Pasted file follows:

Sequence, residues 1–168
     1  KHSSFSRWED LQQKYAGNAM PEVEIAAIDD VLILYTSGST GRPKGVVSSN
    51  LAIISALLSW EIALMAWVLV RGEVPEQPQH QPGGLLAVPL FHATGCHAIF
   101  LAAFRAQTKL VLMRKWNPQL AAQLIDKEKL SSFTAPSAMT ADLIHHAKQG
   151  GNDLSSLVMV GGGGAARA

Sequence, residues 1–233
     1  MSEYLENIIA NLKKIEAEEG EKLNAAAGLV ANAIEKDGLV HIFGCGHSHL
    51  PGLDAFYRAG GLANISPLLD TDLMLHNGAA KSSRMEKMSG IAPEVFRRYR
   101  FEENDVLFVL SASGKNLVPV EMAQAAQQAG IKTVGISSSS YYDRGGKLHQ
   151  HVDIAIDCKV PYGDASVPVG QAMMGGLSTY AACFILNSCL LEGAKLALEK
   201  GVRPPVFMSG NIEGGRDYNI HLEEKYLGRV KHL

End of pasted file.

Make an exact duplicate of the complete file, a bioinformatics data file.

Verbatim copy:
Sequence, residues 1–168
     1  KHSSFSRWED LQQKYAGNAM PEVEIAAIDD VLILYTSGST GRPKGVVSSN
    51  LAIISALLSW EIALMAWVLV RGEVPEQPQH QPGGLLAVPL FHATGCHAIF
   101  LAAFRAQTKL VLMRKWNPQL AAQLIDKEKL SSFTAPSAMT ADLIHHAKQG
   151  GNDLSSLVMV GGGGAARA

Sequence, residues 1–233
     1  MSEYLENIIA NLKKIEAEEG EKLNAAAGLV ANAIEKDGLV HIFGCGHSHL
    51  PGLDAFYRAG GLANISPLLD TDLMLHNGAA KSSRMEKMSG IAPEVFRRYR
   101  FEENDVLFVL SASGKNLVPV EMAQAAQQAG IKTVGISSSS YYDRGGKLHQ
   151  HVDIAIDCKV PYGDASVPVG QAMMGGLSTY AACFILNSCL LEGAKLALEK
   201  GVRPPVFMSG NIEGGRDYNI HLEEKYLGRV KHL